This scene from NASA's Mars Odyssey spacecraft of the dust covered plains of eastern Arabia Terra portrays a range of geological time. Three craters at the center of the image capture some of this range.
Add image to your album
Email this page Post this page to your Facebook wall Tweet this page

Geological Time on Display in Arabia Terra


This scene from the dust covered plains of eastern Arabia Terra portrays a range of geological time. Three craters at the center of the image capture some of this range. Two have the classic bowl-shape of small, relatively recent craters while the one just to the north has seen much more history. Its rim has been scoured away by erosion and its floor has been filled in by material likely of a sedimentary nature. The channels that wind through the scene may be the oldest features present while the relatively dark streaks scattered about could have been produced in the past few years or even months as winds remove a layer of dust to reveal darker material below.

Note: this THEMIS visual image has not been radiometrically nor geometrically calibrated for this preliminary release. An empirical correction has been performed to remove instrumental effects. A linear shift has been applied in the cross-track and down-track direction to approximate spacecraft and planetary motion. Fully calibrated and geometrically projected images will be released through the Planetary Data System in accordance with Project policies at a later time.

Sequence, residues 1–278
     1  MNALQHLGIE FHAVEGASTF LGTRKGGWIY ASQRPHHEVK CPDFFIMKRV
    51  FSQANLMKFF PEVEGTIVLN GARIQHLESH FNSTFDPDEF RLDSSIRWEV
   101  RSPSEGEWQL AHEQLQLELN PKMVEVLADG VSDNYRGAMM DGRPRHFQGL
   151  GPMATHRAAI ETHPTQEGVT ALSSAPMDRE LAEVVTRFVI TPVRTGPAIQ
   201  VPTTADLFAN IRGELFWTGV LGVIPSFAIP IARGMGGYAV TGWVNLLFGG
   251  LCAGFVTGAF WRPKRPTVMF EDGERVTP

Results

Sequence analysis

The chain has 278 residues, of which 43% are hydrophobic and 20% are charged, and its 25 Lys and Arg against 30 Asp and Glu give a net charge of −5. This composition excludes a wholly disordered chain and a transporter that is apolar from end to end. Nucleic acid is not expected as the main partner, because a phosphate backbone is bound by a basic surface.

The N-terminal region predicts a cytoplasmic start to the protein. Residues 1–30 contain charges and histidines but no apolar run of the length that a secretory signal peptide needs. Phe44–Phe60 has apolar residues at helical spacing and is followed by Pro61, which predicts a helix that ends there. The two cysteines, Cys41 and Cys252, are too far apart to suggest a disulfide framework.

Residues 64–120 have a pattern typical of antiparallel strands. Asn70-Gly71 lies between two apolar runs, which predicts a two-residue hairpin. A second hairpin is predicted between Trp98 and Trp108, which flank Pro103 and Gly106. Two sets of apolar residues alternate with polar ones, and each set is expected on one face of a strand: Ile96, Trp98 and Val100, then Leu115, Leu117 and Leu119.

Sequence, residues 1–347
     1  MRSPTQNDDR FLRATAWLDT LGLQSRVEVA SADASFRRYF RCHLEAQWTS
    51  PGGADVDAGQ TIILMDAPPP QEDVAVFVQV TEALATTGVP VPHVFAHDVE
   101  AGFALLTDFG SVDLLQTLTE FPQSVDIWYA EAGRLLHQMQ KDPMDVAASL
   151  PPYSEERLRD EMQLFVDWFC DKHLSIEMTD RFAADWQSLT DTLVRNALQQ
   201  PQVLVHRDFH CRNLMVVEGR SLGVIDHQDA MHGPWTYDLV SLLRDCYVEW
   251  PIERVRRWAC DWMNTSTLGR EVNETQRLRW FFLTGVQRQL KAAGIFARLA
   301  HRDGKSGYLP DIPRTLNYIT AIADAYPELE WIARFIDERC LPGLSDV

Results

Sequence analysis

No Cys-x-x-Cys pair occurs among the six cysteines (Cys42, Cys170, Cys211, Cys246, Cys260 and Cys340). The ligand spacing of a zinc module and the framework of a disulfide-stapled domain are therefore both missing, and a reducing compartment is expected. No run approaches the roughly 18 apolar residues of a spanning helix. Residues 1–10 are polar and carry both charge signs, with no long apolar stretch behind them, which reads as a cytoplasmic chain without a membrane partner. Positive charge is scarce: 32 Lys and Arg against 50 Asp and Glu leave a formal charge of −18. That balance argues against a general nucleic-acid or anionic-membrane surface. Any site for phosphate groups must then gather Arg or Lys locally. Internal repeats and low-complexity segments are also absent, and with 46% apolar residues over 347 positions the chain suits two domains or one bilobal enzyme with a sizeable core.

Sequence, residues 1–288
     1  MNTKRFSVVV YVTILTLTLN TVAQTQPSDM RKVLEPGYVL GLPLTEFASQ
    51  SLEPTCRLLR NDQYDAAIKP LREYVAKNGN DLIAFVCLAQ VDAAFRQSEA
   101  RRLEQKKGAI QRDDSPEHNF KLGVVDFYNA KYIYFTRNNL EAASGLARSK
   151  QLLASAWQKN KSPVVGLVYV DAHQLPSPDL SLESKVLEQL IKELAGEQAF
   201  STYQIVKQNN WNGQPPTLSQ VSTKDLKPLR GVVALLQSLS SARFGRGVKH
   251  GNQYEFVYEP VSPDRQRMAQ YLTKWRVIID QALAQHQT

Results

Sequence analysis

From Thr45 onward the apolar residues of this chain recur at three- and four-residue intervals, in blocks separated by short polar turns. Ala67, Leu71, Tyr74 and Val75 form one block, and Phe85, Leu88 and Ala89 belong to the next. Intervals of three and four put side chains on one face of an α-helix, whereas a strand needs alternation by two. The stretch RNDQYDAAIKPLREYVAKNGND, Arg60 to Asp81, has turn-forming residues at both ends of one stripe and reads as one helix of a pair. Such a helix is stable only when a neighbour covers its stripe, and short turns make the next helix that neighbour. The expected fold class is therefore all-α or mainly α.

NASA's Jet Propulsion Laboratory manages the 2001 Mars Odyssey mission for NASA's Office of Space Science, Washington, D.C. The Thermal Emission Imaging System (THEMIS) was developed by Arizona State University, Tempe, in collaboration with Raytheon Santa Barbara Remote Sensing. The THEMIS investigation is led by Dr. Philip Christensen at Arizona State University. Lockheed Martin Astronautics, Denver, is the prime contractor for the Odyssey project, and developed and built the orbiter. Mission operations are conducted jointly from Lockheed Martin and from JPL, a division of the California Institute of Technology in Pasadena.

Image details

ID#:
PIA04033

Date added:
2002-12-16

Target:
Mars

Mission:
2001 Mars Odyssey

Spacecraft:
2001 Mars Odyssey

Instruments:
Thermal Emission Imaging System

Rating:



Views:
3,110

Full-Res TIFF:
PIA04033.tif (3.26 MB)

Full-Res JPG:
PIA04033.jpg (0.59 MB)

Image credit:
NASA/JPL/Arizona State University